Takter said Tall Dark Stranger is, “just a winner. He won. It’s as simple as that. No horse goes through a season perfectly healthy… they ship a lot, they travel. He went to Canada. Just shipping back and forth from Canada, going through Buffalo, going to Kentucky. They overcome a lot of things that maybe we take for granted, so he’s a winner and winner’s win. That’s what he did.
“He understood that he was supposed to be first. You can’t teach that to horses. I can condition horses so physically they are in good shape and they have stamina and things like that. Obviously, those are God-given things, too, but I can improve on a horse’s conditioning and I can make sure that a horse stays sound and things like that, but to win? That comes from the horse himself and he did that, he knew to win.”
Tall Dark Stranger is now beginning his stallion career at Hanover Shoe Farms and Takter is predicting big things for his offspring if he passes on his desire to win.
“And he’s very fortunate that a lot of the mares he’s getting to breed, they know how to win, too,” she said. “I can’t wait to see the Tall Dark Stranger—Kissin In The Sand babies.”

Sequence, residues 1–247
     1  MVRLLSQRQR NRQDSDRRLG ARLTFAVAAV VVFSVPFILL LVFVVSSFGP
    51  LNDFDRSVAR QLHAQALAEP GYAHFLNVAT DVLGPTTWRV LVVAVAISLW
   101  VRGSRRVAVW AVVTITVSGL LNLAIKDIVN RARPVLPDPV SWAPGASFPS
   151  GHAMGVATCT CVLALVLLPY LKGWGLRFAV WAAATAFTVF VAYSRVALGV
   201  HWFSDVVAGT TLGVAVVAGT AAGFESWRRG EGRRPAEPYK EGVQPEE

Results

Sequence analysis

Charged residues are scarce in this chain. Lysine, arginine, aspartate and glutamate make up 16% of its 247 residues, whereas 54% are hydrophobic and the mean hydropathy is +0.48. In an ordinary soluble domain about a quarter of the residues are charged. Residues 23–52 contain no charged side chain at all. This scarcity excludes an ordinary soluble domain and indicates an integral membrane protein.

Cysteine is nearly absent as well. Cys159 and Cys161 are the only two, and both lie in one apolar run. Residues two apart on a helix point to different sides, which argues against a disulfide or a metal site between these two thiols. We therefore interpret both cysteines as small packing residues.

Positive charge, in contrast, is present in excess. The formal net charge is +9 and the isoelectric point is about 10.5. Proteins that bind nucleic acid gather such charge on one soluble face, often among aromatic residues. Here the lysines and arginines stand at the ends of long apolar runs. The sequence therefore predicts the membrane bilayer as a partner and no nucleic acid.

Kissin In The Sand has long been one of Takter’s favorites and she said she was thrilled she won the Dan Patch Award considering she wasn’t originally scheduled to race in 2020.
“She’s one that I brought out of retirement. (Part-owner) Marvin (Katz) kept saying to me in 2019, ‘This is her last year of racing and she’s going to retire’ blah, blah, blah. But then she kind of finished 2019 pretty strong and I was like ‘You know, Marvin, you really want to breed her to Tall Dark Stranger anyway and he’s got one more year of racing…’ And Marvin was like, ‘Okay, I’m only going to let you bring her back for 2020 because I know you love her and you’re not ready to let her go.’ He said, ‘I just have one request if we bring her back for 2020 – you have to win the Breeders Crown.’ She had never won the Breeders Crown and I was, like, ‘No problem, we’ll go and win the Breeders Crown.’”
Takter laughs, knowing that was a bold promise. However, both she and Kissin In The Sand delivered.
“I was happy that I was able to hold up my end of the deal with the Breeders Crown,” she said.
As for Manchego, Takter said she had no idea whether USHWA voters would pick her over chief rival Atlanta. In the end, Manchego received 72 votes to Atlanta’s 58. It was, by far, the closest divisional race of the year. Atlanta took the honor in 2019.
“I thought (Manchego) was going to win last year and she didn’t, so I didn’t know (this year). It’s really based on people’s opinion of how the season went,” Takter said.
Though she didn’t necessarily agree with the USHWA voters last year, Takter did accomplish something akin to a miracle being named unanimous choice for Trainer of the Year.